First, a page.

But she admits that it’s not easy for women and they have to be tough, especially if they want to climb the corporate ladder. She recently had a breakfast meeting with one of the top performers on her UBS team who has two children under the age of two and commutes to Hong Kong from Macau every day. And another of her top performers recently had her first child.
‘They are successful because they are aggressive. I don’t think anyone can be successful and take a back seat,’ says Shih, adding that working mothers ‘need to focus, prioritise, delegate some of the things they need to do and build a support network they can trust’.
The report also revealed that men and women network differently; 49% of women cited formal business meetings as the occasion most likely to lead to a new job opportunity, while men were more active in other social occasions such as after-work drinks and sporting events.
Catherine Yu FCCA, vice president and regional controller, Asia Pacific and China, at Herbalife, says it is important for women to be visible and to network with people from different disciplines and industries. At university she spent a year studying engineering, a very male-dominated discipline, and became comfortable in male company.
‘I established a character that is quite straightforward,’ she says. ‘When dealing with men you need to establish your independence and show logical thinking; it has helped me at executive level,’ she says.
A mother of two teenage daughters, Yu says good time management (‘I’m in the office sharp and leave before 7pm’) and technology (‘I Skype when I’m away from home’) mean that she is close to her children while nurturing their independence.
‘I want to be a good role model for them as a working mum. I get them to plan their own schedules; I want them to be independent and not suffer from the “princess syndrome” that can happen when kids are raised by domestic helpers,’ says Yu.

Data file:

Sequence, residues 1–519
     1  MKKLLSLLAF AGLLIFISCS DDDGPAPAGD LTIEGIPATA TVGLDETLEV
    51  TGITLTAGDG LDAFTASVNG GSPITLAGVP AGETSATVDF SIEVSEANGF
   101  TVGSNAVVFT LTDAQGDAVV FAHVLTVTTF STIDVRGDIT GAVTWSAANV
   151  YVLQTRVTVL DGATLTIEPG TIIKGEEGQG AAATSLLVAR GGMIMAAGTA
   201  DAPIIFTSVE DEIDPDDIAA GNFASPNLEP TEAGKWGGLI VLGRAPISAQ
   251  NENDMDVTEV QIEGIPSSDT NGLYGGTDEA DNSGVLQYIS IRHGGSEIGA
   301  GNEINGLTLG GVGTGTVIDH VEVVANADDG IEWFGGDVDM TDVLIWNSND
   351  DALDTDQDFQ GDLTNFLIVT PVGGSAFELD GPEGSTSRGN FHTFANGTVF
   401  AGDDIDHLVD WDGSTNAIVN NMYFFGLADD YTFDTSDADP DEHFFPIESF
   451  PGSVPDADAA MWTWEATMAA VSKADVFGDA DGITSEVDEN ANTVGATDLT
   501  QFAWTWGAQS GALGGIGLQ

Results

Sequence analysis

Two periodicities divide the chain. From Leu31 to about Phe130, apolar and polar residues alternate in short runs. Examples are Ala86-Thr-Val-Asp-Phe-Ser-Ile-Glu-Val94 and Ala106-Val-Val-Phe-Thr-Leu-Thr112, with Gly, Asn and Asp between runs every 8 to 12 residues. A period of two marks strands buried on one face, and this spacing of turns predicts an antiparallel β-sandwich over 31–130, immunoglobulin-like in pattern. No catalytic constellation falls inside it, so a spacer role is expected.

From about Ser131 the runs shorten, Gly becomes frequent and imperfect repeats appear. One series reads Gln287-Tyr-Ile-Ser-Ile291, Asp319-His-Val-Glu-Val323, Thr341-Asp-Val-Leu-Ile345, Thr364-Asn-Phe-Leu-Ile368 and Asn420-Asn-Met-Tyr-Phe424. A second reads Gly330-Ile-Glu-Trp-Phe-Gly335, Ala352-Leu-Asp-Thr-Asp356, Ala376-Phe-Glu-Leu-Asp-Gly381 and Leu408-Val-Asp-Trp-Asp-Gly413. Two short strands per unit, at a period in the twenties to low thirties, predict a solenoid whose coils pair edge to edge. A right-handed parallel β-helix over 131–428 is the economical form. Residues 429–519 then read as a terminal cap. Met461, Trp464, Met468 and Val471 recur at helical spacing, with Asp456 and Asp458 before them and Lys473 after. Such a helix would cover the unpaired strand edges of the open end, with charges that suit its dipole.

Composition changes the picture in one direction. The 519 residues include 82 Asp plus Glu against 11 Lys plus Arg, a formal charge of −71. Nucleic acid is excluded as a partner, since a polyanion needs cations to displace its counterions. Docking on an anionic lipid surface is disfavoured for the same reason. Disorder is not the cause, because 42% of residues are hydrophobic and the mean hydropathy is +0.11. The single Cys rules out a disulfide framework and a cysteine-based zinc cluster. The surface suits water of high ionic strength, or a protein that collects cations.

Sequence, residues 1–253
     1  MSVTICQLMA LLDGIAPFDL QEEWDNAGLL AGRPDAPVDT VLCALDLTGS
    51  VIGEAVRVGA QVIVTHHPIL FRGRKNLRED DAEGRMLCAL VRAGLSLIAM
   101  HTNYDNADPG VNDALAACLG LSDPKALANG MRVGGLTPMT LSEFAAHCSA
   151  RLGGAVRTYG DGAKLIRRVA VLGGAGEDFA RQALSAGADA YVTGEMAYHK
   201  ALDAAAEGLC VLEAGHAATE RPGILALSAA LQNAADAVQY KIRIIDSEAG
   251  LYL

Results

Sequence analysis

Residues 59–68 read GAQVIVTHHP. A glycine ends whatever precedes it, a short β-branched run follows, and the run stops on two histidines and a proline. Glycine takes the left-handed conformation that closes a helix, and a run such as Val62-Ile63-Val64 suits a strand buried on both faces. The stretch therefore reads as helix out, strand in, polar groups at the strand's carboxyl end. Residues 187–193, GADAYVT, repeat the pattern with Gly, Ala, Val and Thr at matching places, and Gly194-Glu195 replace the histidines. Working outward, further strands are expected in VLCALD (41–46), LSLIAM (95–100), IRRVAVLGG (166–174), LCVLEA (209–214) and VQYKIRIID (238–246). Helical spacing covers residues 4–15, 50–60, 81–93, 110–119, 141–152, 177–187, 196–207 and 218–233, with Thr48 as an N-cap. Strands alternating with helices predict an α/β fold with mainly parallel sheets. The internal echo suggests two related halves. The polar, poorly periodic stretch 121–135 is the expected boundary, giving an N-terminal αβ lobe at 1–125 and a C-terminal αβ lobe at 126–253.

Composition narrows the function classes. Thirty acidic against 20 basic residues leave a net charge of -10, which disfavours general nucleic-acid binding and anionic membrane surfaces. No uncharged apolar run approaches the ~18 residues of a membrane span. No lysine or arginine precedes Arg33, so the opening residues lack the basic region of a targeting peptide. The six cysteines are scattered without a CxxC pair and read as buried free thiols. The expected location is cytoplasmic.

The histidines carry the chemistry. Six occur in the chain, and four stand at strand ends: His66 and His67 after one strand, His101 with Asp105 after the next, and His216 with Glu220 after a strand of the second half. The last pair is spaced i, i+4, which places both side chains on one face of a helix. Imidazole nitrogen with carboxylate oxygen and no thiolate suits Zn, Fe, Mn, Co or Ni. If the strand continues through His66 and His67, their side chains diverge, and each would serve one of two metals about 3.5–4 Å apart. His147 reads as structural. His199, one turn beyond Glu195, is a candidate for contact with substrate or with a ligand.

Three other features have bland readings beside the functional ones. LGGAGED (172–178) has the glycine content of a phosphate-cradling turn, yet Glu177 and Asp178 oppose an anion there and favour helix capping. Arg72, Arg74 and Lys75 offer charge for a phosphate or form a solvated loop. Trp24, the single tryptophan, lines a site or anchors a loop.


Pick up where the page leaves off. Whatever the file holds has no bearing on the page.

The Grant Thornton report concluded on a positive note, recommending that women who are just below senior level take on challenging roles and stretch themselves. It’s advice that is shared by Debora Spar, president of Barnard College in New York. It was she who invited Sheryl Sandberg, Facebook’s chief operating officer, to speak to graduating students at the college in 2011. Sandberg’s commencement address made waves, encouraging women to ‘lean in’ and close the ambition gap before they close the achievement gap. This was followed with the 2013 book Lean In, with its message of an empowered female workforce, urging women to ‘put their foot on the gas pedal and leave it there’.
‘The business world needs ambitious young women pushing up through its ranks,’ says Spar, author of Wonder Women: Sex, Power and the Quest for Perfection (2013). ‘These women shouldn’t feel that they are constrained in any way – but should be prepared to work hard, gain the skills they need, ask for tough feedback, and develop the core resilience that will enable them to pick themselves up, dust themselves off and start all over again.’
Shanghai-based Constant Tse FCCA is country tax CFO, Southern Mainland and Macau, at Deloitte. With more than two decades’ experience in the industry, she is a veteran mentor and a firm believer in supporting graduates. She says gender equality is now firmly entrenched in corporate culture, although there may sometimes be misperceptions. ‘There may be some incidents where leaders or the management team have a bias due to an unhappy experience and mistakenly related it to gender difference,’ says Tse.
She believes the same standards and expectations are applied to men and women at Deloitte – with both compensated equally for performance – and advises ambitious young women to push hard to achieve their goals.
‘[Women] should set realistic targets and be motivated to fulfil those targets by continued learning and polishing. Remember, your colleagues and peers are not your competitors; they are your partners,’ says Tse.
Chu also observes that women are held to the same standards as men. She advises women not to impose any restrictions on themselves and disregard any perceived glass ceiling. And Shih agrees on the need to reach high and stay focused.
‘Women have to be very clear on their goals, prioritise and then focus on those priorities. And be ready for a lot of commitment and hard work.’
Original Link: AB Magazine